Wednesday, May 4, 2011

Finish the WIP, Edit the WIP, then Dance

Have you seen that You Tube video going around which takes a comic look at the emotional stages of writing a novel? It's called Writing a Novel, posted by author James Andrew Wilson.

I just revisited it for another laugh. It's a creative, hilarious, yet painfully realistic insight into the glorious as well as the overwhelming moments involved in finishing a manuscript.

I'm deep in the ending stages. I just finished the pre-submission edit of The Red Fury, Book 2 of my Wisconsin historical series Empire in Pine. In essence, I've re-typed "The End". After some extraneous paperwork, it'll be ready to zip to my editor.

Not to mention -- drum roll -- I'm ahead of deadline!

REJOICE! Lalalalala!

I used to be like that guy in the video who got a little ahead of himself. H eprevailed against the odds and climbed to the top of the mountain, experiencing stage four -- Triumph! -- only to discover his joy short lived as he smacked up against the dark forest of editing. VINK! VINK! VINK!

Now, while I do relish the pleasure of a completed WIP, I revel less in the finished first draft, and save most of my exultant revelry for the part after editing, the part I accomplished tonight. Because experience tells me that editing is coming, no matter what.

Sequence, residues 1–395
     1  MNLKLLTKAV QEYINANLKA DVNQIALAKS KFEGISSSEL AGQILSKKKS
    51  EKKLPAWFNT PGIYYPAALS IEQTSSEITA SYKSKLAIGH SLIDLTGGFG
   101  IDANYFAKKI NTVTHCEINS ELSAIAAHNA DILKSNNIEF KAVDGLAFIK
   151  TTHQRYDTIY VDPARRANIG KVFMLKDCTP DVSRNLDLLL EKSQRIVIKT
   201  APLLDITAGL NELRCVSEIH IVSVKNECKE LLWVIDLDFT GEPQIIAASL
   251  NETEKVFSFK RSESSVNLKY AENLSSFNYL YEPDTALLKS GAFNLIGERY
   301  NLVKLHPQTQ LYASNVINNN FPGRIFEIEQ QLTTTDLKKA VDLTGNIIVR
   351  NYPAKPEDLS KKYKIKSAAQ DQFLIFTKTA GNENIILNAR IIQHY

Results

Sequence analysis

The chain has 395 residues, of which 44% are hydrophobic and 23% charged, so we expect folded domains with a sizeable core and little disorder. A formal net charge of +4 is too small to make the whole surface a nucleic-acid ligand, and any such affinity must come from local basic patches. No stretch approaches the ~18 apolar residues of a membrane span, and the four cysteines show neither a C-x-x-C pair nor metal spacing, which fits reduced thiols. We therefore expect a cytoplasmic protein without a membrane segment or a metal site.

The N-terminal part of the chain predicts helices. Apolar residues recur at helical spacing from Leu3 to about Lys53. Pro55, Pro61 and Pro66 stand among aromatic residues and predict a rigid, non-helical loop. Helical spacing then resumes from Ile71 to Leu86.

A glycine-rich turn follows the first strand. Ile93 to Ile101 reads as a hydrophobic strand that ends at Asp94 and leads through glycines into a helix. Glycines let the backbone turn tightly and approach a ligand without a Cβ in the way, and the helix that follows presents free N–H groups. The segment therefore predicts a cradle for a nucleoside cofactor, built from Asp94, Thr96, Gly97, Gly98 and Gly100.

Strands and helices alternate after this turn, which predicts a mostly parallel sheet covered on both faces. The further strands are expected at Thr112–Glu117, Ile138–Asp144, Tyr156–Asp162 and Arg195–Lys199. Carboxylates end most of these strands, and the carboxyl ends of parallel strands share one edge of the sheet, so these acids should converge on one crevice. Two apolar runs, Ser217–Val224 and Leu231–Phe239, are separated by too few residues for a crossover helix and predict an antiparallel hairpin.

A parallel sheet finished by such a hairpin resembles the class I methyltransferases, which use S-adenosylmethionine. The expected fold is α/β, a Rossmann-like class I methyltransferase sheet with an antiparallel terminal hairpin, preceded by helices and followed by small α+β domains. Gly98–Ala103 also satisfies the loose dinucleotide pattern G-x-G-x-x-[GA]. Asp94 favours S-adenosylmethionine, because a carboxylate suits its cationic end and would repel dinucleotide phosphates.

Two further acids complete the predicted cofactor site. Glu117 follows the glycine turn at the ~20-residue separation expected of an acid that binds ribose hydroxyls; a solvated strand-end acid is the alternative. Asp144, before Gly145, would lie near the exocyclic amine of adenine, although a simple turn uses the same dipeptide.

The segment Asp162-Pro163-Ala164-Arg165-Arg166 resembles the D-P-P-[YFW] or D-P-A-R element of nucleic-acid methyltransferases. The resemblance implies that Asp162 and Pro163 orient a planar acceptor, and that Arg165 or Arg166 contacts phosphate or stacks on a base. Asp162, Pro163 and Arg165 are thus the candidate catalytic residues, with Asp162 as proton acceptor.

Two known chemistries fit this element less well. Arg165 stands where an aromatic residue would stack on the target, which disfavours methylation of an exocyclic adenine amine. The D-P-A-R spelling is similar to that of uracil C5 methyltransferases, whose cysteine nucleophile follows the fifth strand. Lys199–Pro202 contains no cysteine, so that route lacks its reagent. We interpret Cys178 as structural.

So tonight is a brilliant setting sun and ice cream. It's dancing and a little blog hopping. It's the right time for those things.

Alas, I know there'll be more edits to come. Once my book is gone over with a fine tooth comb by the lovely staff at Desert Breeze Publishing, there'll be further things to address, I'm sure. Something I missed, though I've done my best to make my story error-free and sparkling, and I've sunk deep into character and plot to keep my readers turning pages into the night. I think they'll find The Red Fury gripping and possibly my best work yet.

But until then, I'll have to give it another round. Like Mr. Wilson says in his author video blog (also on You Tube) "Much of a writer's life is spent editing. It's a sad truth. We'd like to say that it's spent writing, but that would be a lie."

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